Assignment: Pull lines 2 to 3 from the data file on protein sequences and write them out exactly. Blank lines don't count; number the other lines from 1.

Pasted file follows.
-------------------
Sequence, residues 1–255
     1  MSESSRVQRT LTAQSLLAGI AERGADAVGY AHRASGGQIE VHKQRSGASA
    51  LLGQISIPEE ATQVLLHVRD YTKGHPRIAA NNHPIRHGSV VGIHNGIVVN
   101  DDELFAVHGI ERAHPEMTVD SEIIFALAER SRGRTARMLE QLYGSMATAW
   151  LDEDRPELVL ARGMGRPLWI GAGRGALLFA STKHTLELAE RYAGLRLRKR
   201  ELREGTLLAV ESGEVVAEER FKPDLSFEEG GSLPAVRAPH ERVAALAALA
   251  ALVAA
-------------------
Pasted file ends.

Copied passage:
     1  MSESSRVQRT LTAQSLLAGI AERGADAVGY AHRASGGQIE VHKQRSGASA
    51  LLGQISIPEE ATQVLLHVRD YTKGHPRIAA NNHPIRHGSV VGIHNGIVVN